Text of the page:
- The New York City Department of Consumer and Worker Protection reduced the proposed minimum wage for app-based delivery drives by nearly $4 an hour, the department said Tuesday.
- Despite the cut to the rate, the new wage scale ($17.96 in 2023 rising to $19.96 an hour in 2025) with an adjustment for inflation, constitutes a significant raise for workers, DCWP said. The new wage will be equivalent to almost three times what gig workers make now according to the department.
- The DCWP cited public opposition by delivery companies to the delivery driver wage rule proposed in November in its justification for shaving down the proposed wage from its initial target of $23.82 by 2025.
Uber Eats, Grubhub and DoorDash all advocated for the city to cut its proposed base pay to account for so-called multi-apping, or the periods of time when delivery workers are logged in to multiple delivery apps, according to the new rule.
The DCWP reduced its proposed total pay by $3.60 and also reduced proposed compensation for Medicare and Social Security contributions by 2 cents, alongside a 2 cent cut to proposed workers’ comp adjustments, and a further 22 cent reduction in base pay, resulting in a total cut of $3.86.
Also at industry’s prodding, the department is adding an alternative scheme for calculating worker pay. According to a press release from the DCWP, this means that apps that pay workers for on-call time and delivery time must pay workers about $0.30 a minute, while apps that only pay for delivery time must pay about $0.50 a minute. The press release contends this would lead to roughly equivalent pay rates given the amount of time workers are available on the apps while not actively delivering goods.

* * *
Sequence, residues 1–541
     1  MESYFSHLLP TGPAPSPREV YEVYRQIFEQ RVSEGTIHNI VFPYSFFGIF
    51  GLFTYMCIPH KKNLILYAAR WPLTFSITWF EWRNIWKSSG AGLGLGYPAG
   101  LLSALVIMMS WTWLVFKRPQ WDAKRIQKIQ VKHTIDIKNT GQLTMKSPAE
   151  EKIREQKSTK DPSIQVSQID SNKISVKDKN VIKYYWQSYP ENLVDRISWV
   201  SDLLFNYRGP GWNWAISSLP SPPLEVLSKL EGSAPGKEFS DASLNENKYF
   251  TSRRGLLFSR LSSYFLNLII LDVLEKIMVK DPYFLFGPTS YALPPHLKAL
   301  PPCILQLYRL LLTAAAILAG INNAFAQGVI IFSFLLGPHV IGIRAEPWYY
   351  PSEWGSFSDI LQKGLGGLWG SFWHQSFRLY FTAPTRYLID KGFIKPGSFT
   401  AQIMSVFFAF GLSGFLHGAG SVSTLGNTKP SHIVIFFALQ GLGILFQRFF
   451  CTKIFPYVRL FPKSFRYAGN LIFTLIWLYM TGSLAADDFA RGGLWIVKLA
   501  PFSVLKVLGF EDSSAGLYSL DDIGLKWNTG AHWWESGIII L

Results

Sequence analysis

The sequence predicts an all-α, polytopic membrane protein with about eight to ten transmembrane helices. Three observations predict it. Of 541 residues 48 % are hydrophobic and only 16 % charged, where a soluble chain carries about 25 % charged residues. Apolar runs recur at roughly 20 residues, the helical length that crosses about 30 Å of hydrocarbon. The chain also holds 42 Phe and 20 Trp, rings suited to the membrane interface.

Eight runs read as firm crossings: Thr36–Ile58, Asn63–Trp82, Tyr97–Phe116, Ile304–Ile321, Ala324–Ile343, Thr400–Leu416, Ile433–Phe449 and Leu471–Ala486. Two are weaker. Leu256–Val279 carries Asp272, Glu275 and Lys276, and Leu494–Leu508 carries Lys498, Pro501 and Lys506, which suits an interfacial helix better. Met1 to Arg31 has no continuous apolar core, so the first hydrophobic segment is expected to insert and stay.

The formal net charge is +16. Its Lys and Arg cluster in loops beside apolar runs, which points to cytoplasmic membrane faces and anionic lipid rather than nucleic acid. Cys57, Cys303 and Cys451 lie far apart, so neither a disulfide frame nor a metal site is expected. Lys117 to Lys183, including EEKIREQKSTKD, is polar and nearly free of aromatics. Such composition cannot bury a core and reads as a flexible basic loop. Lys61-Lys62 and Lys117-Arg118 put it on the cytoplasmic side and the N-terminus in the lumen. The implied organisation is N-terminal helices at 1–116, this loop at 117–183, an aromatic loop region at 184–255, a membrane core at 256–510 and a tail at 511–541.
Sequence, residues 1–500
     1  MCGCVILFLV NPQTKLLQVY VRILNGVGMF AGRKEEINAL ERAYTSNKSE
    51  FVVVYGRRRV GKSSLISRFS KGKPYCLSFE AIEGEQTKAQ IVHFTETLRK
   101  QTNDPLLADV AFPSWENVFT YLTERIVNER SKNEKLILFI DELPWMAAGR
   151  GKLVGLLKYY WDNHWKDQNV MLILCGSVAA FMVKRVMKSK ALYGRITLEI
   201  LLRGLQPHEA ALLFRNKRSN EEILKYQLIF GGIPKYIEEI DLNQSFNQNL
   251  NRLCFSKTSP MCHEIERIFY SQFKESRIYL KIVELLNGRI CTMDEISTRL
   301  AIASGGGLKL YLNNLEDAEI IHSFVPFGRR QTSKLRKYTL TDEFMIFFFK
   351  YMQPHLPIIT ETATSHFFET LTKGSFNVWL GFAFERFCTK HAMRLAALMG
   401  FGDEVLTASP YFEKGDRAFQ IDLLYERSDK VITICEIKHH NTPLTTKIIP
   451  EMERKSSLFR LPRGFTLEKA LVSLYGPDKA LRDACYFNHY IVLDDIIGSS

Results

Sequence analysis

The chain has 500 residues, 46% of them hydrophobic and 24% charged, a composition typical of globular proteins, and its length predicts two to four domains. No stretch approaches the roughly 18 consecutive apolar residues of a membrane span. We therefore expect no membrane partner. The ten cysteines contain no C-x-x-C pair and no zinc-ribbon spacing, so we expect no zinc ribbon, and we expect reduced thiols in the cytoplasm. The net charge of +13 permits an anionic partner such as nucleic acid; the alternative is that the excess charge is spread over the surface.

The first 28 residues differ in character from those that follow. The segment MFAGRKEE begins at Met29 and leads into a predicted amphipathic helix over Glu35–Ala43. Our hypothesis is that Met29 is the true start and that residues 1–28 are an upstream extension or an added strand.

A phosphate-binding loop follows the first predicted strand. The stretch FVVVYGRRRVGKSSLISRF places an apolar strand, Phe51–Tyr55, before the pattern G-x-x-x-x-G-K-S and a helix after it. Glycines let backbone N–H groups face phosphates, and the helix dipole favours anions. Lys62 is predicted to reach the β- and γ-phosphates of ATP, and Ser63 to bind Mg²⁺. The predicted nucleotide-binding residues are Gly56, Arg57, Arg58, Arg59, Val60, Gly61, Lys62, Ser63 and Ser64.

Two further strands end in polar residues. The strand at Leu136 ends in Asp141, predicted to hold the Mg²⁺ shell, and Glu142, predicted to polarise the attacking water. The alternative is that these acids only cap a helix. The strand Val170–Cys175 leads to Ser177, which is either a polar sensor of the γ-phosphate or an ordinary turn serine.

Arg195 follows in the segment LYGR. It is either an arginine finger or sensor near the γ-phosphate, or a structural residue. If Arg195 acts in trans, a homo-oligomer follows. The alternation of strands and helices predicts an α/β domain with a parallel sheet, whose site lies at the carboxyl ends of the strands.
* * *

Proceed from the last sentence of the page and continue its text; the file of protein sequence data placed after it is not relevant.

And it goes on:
While gig employers got some of their wishes in the updated rule, they did not succeed in persuading the DCWP to factor tips into hourly base pay.
“DoorDash, Uber Eats, Grubhub, and tech industry advocates commented that the base pay component of the rate should factor in workers’ tip earnings or should be based on the hourly pay of tipped workers,” the DCWP’s statement of basis and proposed rule states. The DCWP rejected that suggestion as it clashed with the law that initiated the rulemaking process, which bars the DCWP from including gratuities in base pay calculations.
Uber Eats sought to keep the hourly wage from being pegged to inflation. The industry as a whole argued against the inclusion of a workers compensation reimbursement in the law, but the DCWP ignored their suggestions. Delivery companies also unsuccessfully asked DCWP to cut equipment wear-and-tear calculations from the proposed pay rate.
According to the DCWP’s documents, worker advocates and elected officials sought unsuccessfully to persuade the department to raise the workers compensation and wear-and-tear components of the wage.
Grubhub said it was reviewing the updated proposal and would continue dialogue with the city. DoorDash and Uber Eats did not immediately respond to requests for comment.